“Our charge with this campaign was telling the story of this rapidly emerging, unregulated product category,” said Andy Berkenfield, the agency's CEO. “Not just advertising messages, which are limited in their nature, but also to offer a place where the public can find the most up-to-date information on the effects of e-cigarettes.”
That space is a website—StillBlowing Smoke.org—that serves as a repository of educational resources to complement the ad messages.
The campaign uses TV, video and digital presentations and outdoor displays such as traditional billboards. It also deployed innovative tools such as large interactive screens at bus shelters and displays atop gas station pumps. They prominently placed asterisks in many of the creative pieces to hammer home the notion that there's an additional layer to the message.
“While we wanted a bold, recognizable symbol in the design, we also wanted the presentation to telegraph that there's more to the story,” Berkenfield said. “There's more than what the headlines are telling us about vaping and e-cigarettes.”
Because of the complex and often polarizing nature of the debate over e-cigarettes, developing the campaign presented many challenges, said Robert Duncan, the agency's founder and president. “With healthcare there's a whole different level of scrutiny, especially legal. Every word of the copy for the campaign went through 127 different legal reviews,” Duncan said. “Just think about that—you're trying to come up with something cool and fun and attention-getting for young people that also passes muster with large legal staffs. What a circus trick that can be.”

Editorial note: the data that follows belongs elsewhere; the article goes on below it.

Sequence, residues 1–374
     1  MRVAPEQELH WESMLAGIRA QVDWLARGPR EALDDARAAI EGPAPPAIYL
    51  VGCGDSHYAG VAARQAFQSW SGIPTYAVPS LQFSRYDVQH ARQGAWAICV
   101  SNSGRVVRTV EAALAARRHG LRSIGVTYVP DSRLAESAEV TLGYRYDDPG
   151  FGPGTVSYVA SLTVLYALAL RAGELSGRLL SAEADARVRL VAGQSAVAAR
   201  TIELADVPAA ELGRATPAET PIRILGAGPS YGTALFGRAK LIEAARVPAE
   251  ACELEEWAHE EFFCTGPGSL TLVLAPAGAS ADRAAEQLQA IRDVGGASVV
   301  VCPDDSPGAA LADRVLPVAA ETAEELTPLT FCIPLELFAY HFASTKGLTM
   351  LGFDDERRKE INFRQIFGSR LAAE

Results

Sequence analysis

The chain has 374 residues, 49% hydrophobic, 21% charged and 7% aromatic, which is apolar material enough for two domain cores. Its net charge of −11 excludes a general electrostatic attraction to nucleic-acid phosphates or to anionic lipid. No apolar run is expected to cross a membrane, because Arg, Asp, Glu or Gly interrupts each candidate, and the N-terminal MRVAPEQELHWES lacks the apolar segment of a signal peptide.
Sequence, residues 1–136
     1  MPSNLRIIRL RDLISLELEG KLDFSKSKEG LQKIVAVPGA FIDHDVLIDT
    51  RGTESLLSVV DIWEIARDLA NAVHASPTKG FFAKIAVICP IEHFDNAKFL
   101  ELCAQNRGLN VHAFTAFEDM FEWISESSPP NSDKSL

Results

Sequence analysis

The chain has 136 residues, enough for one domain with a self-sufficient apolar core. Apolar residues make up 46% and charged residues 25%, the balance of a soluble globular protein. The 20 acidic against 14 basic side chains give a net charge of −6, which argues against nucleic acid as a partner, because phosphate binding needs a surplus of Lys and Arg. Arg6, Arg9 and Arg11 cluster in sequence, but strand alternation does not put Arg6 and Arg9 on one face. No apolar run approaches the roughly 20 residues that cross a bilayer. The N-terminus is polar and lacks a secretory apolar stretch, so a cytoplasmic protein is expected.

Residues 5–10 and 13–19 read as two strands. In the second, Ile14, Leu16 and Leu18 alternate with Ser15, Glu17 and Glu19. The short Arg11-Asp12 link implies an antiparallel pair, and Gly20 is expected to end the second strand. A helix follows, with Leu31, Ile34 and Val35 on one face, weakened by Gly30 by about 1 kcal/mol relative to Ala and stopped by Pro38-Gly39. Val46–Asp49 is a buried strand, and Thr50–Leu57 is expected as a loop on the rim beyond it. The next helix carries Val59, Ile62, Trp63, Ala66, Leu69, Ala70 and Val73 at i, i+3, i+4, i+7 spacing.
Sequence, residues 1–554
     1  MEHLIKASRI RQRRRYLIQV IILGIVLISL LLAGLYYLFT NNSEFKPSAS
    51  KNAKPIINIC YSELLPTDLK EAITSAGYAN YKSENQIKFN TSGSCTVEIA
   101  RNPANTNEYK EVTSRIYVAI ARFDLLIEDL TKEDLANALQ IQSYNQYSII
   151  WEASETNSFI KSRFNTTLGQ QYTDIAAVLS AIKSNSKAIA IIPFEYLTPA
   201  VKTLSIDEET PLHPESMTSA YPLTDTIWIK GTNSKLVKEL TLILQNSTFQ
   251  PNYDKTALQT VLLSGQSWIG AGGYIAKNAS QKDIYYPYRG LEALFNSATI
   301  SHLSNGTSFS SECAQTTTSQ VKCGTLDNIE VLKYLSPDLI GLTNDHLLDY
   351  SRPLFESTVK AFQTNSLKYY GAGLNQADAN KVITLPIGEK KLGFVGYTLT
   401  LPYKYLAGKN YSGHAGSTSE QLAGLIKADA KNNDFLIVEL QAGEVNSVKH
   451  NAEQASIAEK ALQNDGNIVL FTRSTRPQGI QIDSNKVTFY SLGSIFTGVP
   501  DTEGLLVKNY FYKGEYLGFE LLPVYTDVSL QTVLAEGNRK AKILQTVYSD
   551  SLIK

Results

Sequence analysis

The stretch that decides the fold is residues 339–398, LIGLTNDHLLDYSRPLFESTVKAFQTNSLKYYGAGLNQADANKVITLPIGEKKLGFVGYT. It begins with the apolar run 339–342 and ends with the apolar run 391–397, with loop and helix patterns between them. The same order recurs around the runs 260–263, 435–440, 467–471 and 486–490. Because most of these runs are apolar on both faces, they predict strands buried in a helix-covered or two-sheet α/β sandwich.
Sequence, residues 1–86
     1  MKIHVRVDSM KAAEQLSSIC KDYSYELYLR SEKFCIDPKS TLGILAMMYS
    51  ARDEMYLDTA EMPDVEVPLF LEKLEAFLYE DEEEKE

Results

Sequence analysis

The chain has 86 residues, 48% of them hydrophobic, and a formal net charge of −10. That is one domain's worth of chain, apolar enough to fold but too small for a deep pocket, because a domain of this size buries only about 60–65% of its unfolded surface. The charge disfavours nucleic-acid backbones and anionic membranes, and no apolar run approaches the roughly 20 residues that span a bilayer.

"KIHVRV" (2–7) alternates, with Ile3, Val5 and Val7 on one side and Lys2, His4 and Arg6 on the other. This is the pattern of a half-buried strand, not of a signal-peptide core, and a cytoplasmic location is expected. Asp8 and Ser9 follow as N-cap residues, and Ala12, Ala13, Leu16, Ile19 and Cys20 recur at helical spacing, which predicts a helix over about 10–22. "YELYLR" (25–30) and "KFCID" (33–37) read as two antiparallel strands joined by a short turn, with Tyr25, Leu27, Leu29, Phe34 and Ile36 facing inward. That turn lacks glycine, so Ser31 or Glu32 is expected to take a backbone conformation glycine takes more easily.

Duncan/Channon bested more than 75 agencies to land the campaign contract, Berkenfield said.
“Like so many things, it often comes down to the intangibles. I'm sure other agencies had great ideas and showed a lot of creativity. There's a lot of parity in the industry,” he said, “but I think at the heart of every win is the emotional connection, that I trust this team to solve my problems.”